The Ethiopian Ministry of Water, Irrigation and Electricity, in its latest report presented to the Ethiopian House of Peoples and Representatives, indicated that the country’s access to electric power has reached 57 percent, while the number of households that are connected through the national electric power grid system has reached to 2.8 million.
According to Tilahun Legesse, Director of the National Electricity Provision under the ministry, the number of Ethiopian households and the reported percentage level is only attributed to the electric power energy, in which the contribution of other sources of energy would further augment the country’s energy coverage.
According to the World Bank, Ethiopia has the second highest available energy generation capacity in the Sub-Saharan African region, with nearly 100 percent coming from renewable energy generation (mostly hydropower), and vast and mainly untapped solar, wind, and geothermal clean energy resources.
Bizuneh Tolcha, Director of Public Relations and Communications Directorate at the Ethiopian Ministry of Water, Irrigation and Energy (MoWIE), recently told Xinhua that the East African country plans to reach 17,300 MW of energy by the end of 2020, a major leap from the current 4,280 MW of energy.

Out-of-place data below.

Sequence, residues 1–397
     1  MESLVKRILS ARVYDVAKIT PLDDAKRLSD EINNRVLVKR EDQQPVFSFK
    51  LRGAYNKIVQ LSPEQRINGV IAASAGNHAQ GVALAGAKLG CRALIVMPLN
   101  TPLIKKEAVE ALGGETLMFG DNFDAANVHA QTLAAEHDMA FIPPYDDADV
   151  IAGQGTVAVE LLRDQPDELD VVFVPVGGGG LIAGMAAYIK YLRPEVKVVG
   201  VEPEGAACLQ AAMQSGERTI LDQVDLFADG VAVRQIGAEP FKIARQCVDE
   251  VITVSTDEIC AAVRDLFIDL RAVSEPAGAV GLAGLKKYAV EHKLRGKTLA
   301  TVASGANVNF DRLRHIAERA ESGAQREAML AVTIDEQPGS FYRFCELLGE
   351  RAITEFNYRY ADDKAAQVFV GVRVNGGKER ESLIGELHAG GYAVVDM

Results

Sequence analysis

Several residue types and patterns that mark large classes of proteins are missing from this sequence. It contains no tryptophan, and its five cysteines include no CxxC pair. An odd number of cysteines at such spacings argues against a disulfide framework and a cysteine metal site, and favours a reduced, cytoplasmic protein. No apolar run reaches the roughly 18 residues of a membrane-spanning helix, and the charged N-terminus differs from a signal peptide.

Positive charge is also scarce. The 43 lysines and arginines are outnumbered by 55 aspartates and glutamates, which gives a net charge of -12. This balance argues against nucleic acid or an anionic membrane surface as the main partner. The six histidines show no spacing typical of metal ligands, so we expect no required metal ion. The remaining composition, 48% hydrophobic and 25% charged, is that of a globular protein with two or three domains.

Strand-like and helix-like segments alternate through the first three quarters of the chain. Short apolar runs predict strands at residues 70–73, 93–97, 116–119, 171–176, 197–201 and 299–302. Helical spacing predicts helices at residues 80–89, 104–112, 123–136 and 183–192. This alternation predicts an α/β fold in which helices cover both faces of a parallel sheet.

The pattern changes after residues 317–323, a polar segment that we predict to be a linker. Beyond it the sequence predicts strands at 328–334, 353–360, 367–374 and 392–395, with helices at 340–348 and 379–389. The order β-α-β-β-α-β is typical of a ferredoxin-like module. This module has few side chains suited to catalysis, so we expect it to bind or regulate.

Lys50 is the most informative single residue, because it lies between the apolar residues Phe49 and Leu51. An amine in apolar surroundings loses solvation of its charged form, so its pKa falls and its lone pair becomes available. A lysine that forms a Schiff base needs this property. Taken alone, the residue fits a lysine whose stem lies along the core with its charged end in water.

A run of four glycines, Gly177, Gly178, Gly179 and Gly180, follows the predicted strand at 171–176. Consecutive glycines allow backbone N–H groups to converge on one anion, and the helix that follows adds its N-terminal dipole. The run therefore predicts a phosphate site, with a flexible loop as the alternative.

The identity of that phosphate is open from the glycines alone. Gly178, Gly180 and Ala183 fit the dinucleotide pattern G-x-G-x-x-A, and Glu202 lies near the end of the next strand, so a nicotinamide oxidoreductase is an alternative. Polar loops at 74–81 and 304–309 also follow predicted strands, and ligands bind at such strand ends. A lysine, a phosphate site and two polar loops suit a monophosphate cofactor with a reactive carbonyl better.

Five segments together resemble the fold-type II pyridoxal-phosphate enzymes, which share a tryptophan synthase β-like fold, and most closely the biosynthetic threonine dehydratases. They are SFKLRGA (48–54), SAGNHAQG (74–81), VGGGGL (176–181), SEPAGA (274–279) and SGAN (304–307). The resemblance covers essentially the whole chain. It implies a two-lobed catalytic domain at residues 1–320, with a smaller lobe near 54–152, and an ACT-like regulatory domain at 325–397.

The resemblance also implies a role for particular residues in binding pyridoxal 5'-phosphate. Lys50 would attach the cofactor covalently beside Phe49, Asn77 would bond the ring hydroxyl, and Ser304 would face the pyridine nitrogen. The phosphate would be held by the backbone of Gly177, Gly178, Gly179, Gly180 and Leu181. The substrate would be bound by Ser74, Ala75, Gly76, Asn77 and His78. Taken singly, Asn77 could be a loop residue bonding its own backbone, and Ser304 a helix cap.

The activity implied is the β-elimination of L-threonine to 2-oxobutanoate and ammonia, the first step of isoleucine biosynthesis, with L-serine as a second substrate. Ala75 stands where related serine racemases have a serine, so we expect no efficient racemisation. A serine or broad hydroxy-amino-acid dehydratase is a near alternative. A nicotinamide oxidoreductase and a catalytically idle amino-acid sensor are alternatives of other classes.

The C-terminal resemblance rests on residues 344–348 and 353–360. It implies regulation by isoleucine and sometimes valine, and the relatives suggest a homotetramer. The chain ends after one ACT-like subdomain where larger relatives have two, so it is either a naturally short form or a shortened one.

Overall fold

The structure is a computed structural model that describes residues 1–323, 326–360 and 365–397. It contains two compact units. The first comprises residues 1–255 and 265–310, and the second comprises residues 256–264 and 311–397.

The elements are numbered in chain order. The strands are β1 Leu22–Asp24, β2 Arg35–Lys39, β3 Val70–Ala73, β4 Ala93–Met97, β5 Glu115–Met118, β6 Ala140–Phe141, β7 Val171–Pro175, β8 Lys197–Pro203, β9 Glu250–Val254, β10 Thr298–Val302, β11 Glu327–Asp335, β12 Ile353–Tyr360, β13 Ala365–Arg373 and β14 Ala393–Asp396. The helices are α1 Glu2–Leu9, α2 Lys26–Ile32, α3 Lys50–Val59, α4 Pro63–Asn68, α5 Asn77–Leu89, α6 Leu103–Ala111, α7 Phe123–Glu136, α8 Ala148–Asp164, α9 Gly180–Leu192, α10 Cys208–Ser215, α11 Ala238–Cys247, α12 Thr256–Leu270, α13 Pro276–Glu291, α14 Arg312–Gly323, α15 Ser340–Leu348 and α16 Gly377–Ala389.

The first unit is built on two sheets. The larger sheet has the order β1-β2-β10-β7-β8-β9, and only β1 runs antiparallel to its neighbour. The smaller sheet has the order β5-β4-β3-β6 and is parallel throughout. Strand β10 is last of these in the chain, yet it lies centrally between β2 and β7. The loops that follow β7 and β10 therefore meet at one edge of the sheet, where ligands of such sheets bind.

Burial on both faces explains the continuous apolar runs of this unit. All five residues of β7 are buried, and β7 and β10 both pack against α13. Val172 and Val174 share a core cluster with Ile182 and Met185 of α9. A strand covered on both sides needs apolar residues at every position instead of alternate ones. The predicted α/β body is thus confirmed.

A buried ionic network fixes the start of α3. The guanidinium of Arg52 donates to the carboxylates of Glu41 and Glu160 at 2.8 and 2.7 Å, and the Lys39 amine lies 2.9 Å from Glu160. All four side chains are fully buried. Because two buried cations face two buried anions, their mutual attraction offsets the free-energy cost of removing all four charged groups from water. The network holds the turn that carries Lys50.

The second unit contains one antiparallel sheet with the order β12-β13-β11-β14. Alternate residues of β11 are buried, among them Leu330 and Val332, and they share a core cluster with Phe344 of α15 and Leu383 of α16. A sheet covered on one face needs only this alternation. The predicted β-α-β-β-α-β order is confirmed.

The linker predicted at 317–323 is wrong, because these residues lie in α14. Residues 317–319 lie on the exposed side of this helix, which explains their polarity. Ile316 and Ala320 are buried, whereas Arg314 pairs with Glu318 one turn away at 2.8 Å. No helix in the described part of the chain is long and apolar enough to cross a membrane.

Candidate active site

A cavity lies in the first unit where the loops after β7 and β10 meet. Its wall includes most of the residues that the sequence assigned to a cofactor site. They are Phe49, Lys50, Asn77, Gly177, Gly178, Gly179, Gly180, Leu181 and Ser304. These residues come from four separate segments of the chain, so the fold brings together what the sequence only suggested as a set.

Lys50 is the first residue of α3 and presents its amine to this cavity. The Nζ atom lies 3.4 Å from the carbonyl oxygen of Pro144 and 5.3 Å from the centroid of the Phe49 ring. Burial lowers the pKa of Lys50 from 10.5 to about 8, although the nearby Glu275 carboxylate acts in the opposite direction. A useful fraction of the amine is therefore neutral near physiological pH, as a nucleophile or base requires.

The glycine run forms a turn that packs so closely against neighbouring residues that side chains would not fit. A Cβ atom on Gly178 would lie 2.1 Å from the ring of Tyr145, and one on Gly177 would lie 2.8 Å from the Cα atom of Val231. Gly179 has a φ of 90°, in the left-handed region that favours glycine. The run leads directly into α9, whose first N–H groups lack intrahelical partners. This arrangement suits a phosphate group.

According to Tolcha, the Ethiopian government expects to reach the figure with the generation of energy projects in hydro, wind, geothermal and biomass energy sectors.
The biggest project that Ethiopia envisaged to fulfil the planned 17,300 MW is the 6,450 MW hydro project, under construction on the Blue Nile river at a cost of close to 4.7 billion U.S. dollars, which is currently 65 percent completed.
While the other projects that are expected to be completed before the 2020 deadline include the 254 MW Genale Dawa I hydropower project and the 120 MW Aysha Windfarm project.
Ethiopia also expects to generate energy from the under-construction 50 MW Reppie waste-to-energy project and the 70 MW Aluto Langano geothermal energy project.